I just completed 2 weeks at Montana’s National Writing Project. It was an incredible 10 days of learning full of writing, sharing, and fantastic, focused learning around writing instruction. The 30+ teacher educators I learned alongside were amazing and represented a wide variety of teaching backgrounds, making the overall experience unforgettable.
Having never attended a NWP institute, I was not entirely sure what to expect. What I came to discover was the NWP experience is what you bring in, what you presently & concurrently engage in as you participate in the work, and what you purposefully take back to your classroom and implement with your students.
You will write! A lot. Makes sense, since it is the Montana Writing Project, right? After all, we are all teachers of writing in one capacity or another, and if we are going to expect our students to write, we should ourselves embrace & delve into the writing process.
And what better place to do that than here! Surrounded by supportive leaders who want only to see each participant grow and succeed in bettering their instructional practice. The MTWP is a safe, inviting, and engaging environment for any educator who wishes to improve both as a teacher and a writer.
The leadership team painstakingly ensures that everything participants do has been thoughtfully planned in advance and is meticulously supported with the appropriate balance of resources, activities, and solid model teaching. Despite the fact we are a group of 30+ educators who teach K-16, each one of us I am certain left class each day having been challenged, renewed, and feeling empowered as teachers.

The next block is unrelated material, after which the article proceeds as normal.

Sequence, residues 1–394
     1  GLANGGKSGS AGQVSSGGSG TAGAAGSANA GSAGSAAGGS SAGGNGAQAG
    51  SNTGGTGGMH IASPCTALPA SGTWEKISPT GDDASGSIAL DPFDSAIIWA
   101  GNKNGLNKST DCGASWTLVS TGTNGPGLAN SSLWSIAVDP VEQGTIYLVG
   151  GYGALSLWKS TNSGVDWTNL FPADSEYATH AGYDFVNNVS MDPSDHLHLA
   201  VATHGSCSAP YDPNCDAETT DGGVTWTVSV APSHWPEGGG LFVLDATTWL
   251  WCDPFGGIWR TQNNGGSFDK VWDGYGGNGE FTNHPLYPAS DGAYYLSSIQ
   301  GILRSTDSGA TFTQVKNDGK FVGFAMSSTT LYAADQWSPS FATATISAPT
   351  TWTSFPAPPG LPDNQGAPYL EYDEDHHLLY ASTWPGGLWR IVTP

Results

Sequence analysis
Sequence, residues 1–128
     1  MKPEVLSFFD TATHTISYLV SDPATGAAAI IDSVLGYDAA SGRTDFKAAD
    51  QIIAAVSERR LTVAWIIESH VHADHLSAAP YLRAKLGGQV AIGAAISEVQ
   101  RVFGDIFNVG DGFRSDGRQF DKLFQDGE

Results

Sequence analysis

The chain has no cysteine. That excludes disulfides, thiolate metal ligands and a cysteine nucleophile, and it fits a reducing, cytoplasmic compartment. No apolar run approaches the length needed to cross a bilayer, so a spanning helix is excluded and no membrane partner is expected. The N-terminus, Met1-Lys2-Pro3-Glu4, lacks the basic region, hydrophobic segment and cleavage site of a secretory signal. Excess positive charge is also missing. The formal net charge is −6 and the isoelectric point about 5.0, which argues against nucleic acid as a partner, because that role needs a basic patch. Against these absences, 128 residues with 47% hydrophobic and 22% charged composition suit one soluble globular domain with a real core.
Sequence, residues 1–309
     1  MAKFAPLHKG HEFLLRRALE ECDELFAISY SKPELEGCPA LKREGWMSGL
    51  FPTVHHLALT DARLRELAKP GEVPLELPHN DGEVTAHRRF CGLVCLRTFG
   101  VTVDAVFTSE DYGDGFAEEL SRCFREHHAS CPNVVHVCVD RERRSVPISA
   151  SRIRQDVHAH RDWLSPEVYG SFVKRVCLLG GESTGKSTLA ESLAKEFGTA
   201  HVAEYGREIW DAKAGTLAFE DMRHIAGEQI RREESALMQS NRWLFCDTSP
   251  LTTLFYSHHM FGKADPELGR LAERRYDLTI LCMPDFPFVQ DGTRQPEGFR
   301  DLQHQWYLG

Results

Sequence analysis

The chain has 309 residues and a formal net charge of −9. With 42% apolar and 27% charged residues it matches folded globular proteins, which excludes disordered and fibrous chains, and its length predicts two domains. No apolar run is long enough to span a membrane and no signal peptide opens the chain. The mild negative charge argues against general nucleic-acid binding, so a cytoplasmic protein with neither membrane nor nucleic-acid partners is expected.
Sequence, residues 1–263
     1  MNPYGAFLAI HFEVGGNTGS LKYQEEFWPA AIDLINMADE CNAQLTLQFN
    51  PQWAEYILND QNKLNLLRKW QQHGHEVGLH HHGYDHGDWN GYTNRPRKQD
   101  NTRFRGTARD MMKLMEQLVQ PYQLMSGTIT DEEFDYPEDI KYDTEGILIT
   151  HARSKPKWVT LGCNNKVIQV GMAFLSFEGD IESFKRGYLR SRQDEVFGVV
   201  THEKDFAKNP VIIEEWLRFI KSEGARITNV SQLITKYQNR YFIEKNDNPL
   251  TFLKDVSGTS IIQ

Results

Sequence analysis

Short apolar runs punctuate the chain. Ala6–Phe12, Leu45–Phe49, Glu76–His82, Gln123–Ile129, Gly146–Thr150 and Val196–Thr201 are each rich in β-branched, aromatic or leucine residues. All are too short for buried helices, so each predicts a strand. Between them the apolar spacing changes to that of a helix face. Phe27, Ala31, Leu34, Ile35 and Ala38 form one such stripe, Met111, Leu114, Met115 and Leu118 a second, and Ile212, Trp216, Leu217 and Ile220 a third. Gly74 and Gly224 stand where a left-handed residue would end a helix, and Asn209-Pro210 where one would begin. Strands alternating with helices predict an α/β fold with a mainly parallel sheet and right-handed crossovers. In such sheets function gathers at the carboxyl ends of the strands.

The MTWP builds literacy leaders. The leadership team models this for us as classroom teachers themselves just like the rest of us. This is powerful to me personally. Often I think classroom teachers equate educational leaders to consultants, professors, and administrators exclusively. While these educators certainly do sit in positions of leadership from whom we can and do learn a great deal from, classroom teachers must also see themselves as powerful leaders who have valuable and insightful first-hand knowledge to share.
The daily in-the-trenches experiences we all have from our presence in classrooms each day, working side-by-side with students gives us a different platform to stand on. Not to imply that we know more or are the experts, but rather that we can share the here-and-now of both the challenges and victories that come right out of our classrooms. We understand the struggles that come with unmotivated learners, unreliable technology, and unrealistic demands on our time. We live it. Every.single.day.
Those who don’t let themselves get weighed down in the muck and mire of the struggles but instead persevere, believing that their unmotivated student will show up in class today, the day’s lesson will be engaging, and the students will meet the learning goals for the unit of study are the teachers who need to step into leadership roles.
It doesn’t have to be a 3-hour Powerpoint presentation to every teacher in the district. It doesn’t even have to be sharing at a staff meeting (but that is a great place to start). Instead, it could just simply be sharing with your grade level colleagues and a PLC. Inviting them to watch you teach a lesson, then offering to watch them and share feedback with each other.
My experience at the Montana National Writing Project taught me that leadership can start small. It just needs to start.
Thank you, Ruth Ayres, for creating a place for teachers to Celebrate. Share your story of celebration with others by clicking the image below.